Jack London's "A Good Soldier"

Jack London's "A Good Soldier"



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    A Good Soldier

      Young man, the lowest aim in your life is to be a good soldier. The good solider never tries to distinguish right from wrong. He never thinks; never reasons; he only obeys. If he is ordered to fire on his fellow citizens, on his friends, on his neighbors, on his relatives, he obeys without hesitation. If he is ordered to fire down a crowded street when the poor are clamoring for bread, he obeys, and sees the gray hairs of age stained with red and the life-tide gushing from the breasts of women, feeling neither remorse nor sympathy. If he is ordered off as one of a firing squad to execute a hero or benefactor, he fires without hesitation, though he knows the bullet will pierce the noblest heart that ever beat in human breast.

      A good soldier is a blind, heartless, soulless, murderous machine. He is not a man. He is not ever a brute, for brutes only kill in self-defense. All that is human in him, all that is divine in him, all that consitutes the man, has been sworn away when he took the enlistment oath. His mind, conscience, aye, his very soul, are in the keeping of his officer.

      No man can fall lower than a soldier--it is a depth beneath which we cannot go.

      Censored by the Postmaster General

        Censored by the Postmaster General

        Here is "A Good Soldier," by Jack London, which has aroused the militarists of this nation to the extent that Postmaster General Burleson has barred from the mails envelopes containing this article. The Appeal to Reason was threatened with a "fraud order" if it persisted in sending envelopes through the mails containing London's article. The Postmaster General did not even give the Appeal a chance in the courts. He said: "Either stop circulating 'A Good Soldier' on envelopes or we will close up your doors by refusing to deliver a single piece of mail "to you." So in "Free America" the Appeal has been forced by a War Censor to take this means to circulate Jack London's criticism of the soldier profession:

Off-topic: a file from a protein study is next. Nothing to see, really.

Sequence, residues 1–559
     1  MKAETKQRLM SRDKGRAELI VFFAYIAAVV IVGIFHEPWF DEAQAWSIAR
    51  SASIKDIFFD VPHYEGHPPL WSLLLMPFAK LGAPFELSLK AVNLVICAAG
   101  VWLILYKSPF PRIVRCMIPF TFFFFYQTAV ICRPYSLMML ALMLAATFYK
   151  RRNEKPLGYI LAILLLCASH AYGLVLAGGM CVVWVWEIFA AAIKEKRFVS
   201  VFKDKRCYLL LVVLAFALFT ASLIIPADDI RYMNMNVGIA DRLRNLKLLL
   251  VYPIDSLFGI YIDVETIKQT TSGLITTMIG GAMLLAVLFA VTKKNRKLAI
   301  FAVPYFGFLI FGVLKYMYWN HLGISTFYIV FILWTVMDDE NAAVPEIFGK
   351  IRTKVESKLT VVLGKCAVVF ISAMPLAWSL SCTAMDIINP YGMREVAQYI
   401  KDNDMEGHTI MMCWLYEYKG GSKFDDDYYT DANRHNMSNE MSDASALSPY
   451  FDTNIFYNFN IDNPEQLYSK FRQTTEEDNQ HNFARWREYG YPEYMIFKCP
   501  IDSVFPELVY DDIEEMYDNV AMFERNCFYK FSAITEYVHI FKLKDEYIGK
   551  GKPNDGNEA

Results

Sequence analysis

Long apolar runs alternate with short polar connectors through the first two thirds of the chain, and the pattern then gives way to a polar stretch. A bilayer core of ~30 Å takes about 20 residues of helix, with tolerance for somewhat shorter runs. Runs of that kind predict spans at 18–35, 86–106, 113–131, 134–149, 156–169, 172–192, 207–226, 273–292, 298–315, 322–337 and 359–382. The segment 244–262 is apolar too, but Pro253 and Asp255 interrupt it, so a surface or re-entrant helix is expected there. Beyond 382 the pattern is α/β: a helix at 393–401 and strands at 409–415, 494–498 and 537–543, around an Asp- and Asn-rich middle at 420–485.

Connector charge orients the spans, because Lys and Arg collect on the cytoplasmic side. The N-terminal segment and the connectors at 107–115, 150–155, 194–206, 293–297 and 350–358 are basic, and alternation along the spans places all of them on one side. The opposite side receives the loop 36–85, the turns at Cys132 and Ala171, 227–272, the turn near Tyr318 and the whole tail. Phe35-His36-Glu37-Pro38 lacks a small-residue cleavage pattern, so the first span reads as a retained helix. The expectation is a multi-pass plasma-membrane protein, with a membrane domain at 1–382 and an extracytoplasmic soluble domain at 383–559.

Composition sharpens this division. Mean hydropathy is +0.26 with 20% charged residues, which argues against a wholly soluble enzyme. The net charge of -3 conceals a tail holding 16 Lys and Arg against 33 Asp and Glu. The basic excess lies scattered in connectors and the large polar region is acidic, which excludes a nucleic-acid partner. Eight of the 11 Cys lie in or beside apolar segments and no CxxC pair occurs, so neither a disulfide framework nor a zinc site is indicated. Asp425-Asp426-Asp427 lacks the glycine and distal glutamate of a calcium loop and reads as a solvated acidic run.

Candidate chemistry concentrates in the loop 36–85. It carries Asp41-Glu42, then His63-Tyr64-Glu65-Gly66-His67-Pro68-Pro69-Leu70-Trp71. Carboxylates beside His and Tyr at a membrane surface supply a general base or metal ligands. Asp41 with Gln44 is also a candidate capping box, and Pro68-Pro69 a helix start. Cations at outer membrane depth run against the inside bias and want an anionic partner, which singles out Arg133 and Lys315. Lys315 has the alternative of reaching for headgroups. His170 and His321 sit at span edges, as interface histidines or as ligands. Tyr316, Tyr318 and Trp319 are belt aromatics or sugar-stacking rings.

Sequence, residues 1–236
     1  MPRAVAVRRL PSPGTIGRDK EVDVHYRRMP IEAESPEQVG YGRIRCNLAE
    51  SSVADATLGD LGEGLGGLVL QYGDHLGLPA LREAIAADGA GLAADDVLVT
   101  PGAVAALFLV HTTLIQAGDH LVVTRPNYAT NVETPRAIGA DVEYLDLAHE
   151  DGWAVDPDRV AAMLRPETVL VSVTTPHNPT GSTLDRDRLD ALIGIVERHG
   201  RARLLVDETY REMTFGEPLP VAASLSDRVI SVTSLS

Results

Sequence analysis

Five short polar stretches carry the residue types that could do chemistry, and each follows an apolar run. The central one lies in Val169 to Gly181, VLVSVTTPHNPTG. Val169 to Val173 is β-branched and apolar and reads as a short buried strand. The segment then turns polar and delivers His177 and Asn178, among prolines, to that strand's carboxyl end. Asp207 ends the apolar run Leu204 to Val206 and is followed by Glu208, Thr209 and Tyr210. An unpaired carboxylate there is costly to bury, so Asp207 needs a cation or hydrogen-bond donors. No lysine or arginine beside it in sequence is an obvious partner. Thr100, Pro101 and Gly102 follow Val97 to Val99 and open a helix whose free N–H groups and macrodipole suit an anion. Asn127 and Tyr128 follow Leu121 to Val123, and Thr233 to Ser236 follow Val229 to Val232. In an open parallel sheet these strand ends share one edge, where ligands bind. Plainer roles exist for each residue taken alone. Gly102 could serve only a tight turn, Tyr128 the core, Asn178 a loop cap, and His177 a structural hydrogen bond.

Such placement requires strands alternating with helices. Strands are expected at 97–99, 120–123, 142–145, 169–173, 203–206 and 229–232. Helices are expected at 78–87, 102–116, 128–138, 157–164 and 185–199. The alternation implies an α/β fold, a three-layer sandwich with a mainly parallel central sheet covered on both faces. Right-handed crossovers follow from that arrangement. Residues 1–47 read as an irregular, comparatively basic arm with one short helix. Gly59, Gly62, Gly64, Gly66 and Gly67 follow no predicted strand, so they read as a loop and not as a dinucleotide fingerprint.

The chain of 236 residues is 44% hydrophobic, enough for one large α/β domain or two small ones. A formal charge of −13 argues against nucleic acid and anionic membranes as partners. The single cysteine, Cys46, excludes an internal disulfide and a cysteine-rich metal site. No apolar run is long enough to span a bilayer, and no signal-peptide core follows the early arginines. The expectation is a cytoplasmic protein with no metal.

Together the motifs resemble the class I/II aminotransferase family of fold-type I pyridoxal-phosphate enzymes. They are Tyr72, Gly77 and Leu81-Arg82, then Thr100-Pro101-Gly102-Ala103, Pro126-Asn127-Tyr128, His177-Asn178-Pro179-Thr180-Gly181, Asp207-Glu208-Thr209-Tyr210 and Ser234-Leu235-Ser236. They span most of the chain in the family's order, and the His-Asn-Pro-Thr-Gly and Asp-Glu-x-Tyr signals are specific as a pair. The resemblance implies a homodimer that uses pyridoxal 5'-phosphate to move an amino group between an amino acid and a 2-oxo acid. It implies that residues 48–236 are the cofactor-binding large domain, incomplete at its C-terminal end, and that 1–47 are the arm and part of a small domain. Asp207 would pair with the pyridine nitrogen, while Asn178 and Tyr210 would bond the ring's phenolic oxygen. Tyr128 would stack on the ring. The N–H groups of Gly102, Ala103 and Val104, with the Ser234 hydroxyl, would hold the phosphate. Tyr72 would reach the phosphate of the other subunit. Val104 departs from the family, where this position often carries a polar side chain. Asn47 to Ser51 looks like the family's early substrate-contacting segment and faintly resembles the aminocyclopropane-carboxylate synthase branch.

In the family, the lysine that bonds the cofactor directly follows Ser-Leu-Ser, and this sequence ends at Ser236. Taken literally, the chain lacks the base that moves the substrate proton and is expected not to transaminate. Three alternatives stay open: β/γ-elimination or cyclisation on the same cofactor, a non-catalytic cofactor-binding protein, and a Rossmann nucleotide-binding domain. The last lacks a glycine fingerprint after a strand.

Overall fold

The Government's File

        "Have you seen an envelope printed by the APPEAL JOB PRINTING DEPARTMENT, Girard, Kansas the back of which is covered with an article or essay entitled A GOOD SOLDIER by Jack London. It is stated that envelopes like these can be furnished at low prices, giving prices. This certainly violates the Espionage Act. I have wired the Unites States Attorney at Muskogee, Oklahoma, for Eastern District of Oklahoma, who sent this in, to institute prosecution against any person distributing such envelopes. The responsibilty for getting out and distributing these envelopes should be run down and prosectutions instituted."

          Typo: The Bureau of Investigations though it contraversial enough to keep it on file. Should be: The Bureau of Investigations thought it controversial enough to keep it on file.

            The "Good Soldier Canard" Jack London denied writing this. This quote,while waiting to report on the Mexican Revolution, is from : http://www.jacklondons.net/canard.html "In Galveston he waited in vain for his credential from Washington, although all the other correspondents had received theirs days before. Shortly before sailing time he learned why it had been withheld, the reason being what Jack always referred to thereafter as the 'Good Soldier canard."

              "This certainly violates the Espionage Act." -- I would like to get a source to "the Espionage Act". Intriguing that speaking out against the military is considered espionage.

                Here are a couple of things that might help: Part of the text of the act: http://www.firstworldwar.com/source/espionageact.htm A Wikipedia article about it: http://en.wikipedia.org/wiki/Espionage_Act_of_1917